This article investigates the social, technical, and legal affiliations among “geeks” (hackers, lawyers, activists, and IT entrepreneurs) on the Internet. The mode of association specific to this group is that of a “recursive public sphere” constituted by a shared imaginary of the technical and legal conditions of possibility for their own association. On the basis of fieldwork conducted in the United States, Europe, and India, I argue that geeks imagine their social existence and relations as much through technical practices (hacking, networking, and code writing) as through discursive argument (rights, identities, and relations). In addition, they consider a “right to tinker” a form of free speech that takes the form of creating, implementing, modifying, or using specific kinds of software (especially Free Software) rather than verbal discourse.
Cultural Anthropology has published essays on the epistemological and cultural politics of information and digital technology. These essays include Gabriella Coleman's "Code Is Speech: Legal Tinkering, Expertise, and Protest Among Free and Open Source Software Developers" (2009), Brian Keith Axel's "Anthropology and the New Technologies of Communication" (2008), and René T.A. Lysloff's “Musical Community on the Internet: an On-line Ethnography” (2003). Also see "Anthropology of/in Circulation: The Future of Open Access and Scholarly Societies," a conversation in Cultural Anthropology amongst open access advocates.
Cultural Anthropology has also published essays on media and publics. See Victoria Bernal's "Eritrea Goes Global: Reflections on Nationalism in a Transnational Era" (2004) and Diane M. Nelson's “Maya Hackers and the Cyberspatialized Nation-State: Modernity, Ethnostalgia, and a Lizard Queen in Guatemala” (1996).
About the Author
Christopher M. Kelty is an associate professor at the University of California, Los Angeles. He has a joint appointment in the Center for Society and Genetics, the department of Information Studies and the Department of Anthropology.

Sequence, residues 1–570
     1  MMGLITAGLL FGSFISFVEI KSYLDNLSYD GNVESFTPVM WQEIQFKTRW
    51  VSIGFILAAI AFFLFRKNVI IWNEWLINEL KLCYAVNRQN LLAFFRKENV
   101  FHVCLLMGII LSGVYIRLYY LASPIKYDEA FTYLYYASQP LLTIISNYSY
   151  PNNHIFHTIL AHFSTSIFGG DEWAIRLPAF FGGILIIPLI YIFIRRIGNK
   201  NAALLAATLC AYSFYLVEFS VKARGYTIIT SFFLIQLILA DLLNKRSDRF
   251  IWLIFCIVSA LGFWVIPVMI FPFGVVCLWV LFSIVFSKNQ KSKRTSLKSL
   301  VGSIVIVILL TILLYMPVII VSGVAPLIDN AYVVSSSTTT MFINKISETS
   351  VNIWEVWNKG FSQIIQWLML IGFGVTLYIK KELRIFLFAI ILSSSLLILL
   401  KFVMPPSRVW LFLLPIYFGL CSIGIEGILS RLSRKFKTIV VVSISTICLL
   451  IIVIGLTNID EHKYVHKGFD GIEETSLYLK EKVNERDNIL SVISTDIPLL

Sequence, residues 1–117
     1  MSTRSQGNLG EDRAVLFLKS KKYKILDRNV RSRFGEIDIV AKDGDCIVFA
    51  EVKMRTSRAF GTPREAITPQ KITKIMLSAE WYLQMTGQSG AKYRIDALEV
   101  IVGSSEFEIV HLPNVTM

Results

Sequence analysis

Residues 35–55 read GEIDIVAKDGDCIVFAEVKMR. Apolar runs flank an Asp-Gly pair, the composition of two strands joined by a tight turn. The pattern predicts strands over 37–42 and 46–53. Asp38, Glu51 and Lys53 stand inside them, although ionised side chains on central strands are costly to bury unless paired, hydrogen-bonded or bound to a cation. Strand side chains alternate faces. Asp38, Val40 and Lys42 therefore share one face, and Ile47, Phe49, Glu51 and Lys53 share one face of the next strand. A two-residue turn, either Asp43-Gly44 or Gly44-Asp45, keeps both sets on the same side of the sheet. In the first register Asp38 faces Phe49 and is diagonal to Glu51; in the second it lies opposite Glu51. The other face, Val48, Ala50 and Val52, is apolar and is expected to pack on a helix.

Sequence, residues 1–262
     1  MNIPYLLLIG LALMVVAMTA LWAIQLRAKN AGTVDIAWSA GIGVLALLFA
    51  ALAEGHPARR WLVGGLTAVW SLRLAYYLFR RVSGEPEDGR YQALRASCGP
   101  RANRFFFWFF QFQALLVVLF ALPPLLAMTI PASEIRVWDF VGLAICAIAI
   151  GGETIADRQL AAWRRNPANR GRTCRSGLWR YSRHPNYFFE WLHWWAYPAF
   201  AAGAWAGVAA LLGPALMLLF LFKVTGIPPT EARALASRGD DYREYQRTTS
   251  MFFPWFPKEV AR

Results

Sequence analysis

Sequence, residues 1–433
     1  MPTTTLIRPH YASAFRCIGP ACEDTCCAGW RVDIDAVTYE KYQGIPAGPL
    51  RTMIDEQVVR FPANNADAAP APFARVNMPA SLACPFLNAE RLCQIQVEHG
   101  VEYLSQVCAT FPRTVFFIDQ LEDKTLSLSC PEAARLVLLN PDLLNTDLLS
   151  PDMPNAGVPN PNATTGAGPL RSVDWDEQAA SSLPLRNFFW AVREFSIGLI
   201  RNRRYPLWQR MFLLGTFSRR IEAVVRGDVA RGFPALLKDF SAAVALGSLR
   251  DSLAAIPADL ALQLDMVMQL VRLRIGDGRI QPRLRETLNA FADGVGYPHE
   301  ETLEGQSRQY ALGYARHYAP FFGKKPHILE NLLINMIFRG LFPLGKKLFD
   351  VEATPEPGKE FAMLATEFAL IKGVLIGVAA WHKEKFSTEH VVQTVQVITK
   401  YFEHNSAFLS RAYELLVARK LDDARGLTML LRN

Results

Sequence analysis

Questions for Classroom Discussion
1. How do geeks conceptualize technology? In what ways does their conceptualization differ from your own understanding of technology?
2. Kelty describes geeks as a 'recursive public'; do you think the formation of recursive public is specific to the digital age? Why or why not?
3. How does Kelty differentiate between the public sphere and a social imaginary? What role do geeks have in the formation of these two social/discursive bodies? How are geeks different from other publics, and how might they challenge us to rethink the characteristics of a social imaginary?
4. What are some of the competing epistemologies of the Internet? In what ways do geeks' understandings of technology challenge the "folklore" of the Internet?
5. In what ways is code different from speech? How are these differences made culturally meaningful?
6. How might geeks' understanding of technology as discourse inform the way anthropologists conceptualize the relationship between form and content? How might such an ideology complicate the claim that discourse is immaterial?
1991 Imagined Communities: Reflections on the Origin and Spread of Nationalism. New York: Routledge.
2003 Wetwares: Experiments in Post-Vital Living. Minneapolis: University of Minnesota Press.
1994 Welcome to Cyberia: Notes on the Anthropology of Cyberculture. Current Anthropology 35(3):211-231.
2004 Protocol, or How Control Exists after Decentralization. Cambridge: MIT Press.
1989 The Structural Transformation of the Public Sphere: An Inquiry into a Category of Bourgeois Society. Cambridge: MIT Press.
1987 Science in Action: How to Follow Scientists and Engineers through Society. Philadelphia: Open University Press.
1999 Code: And Other Laws of Cyberspace. New York: Basic Books.
2004 Modern Social Imaginaries. Durham: Duke University Press.
2002 Publics and Counterpublics. New York: Zone Books.
In the May 2005 issue of Cultural Anthropology, Christopher Kelty examines how a shared social imaginary of the Internet creates and mobilizes “people who write software and deal regularly with the underlying protocols of the Internet (i.e. geeks)” into a recursive public. While geeks are geographically dispersed in locales as far flung as Boston, Berlin, and Bangalore, they are united by a shared concerned over the “technical and legal conditions of possibility for their own association.”
With the Internet as their playground, geeks are constantly building and rebuilding the very infrastructure that allows them to associate. Through coding and argumentation-by-technology, where technical objects such as programs and code become forms of speech, they seek to propagate shared values of openness, freedom and technological inevitability in order to maintain their existence, which is contingent upon the possibility of being addressed as a public. Kelty shows how the Internet becomes more than a space where people assemble; it becomes a site of intense political contest.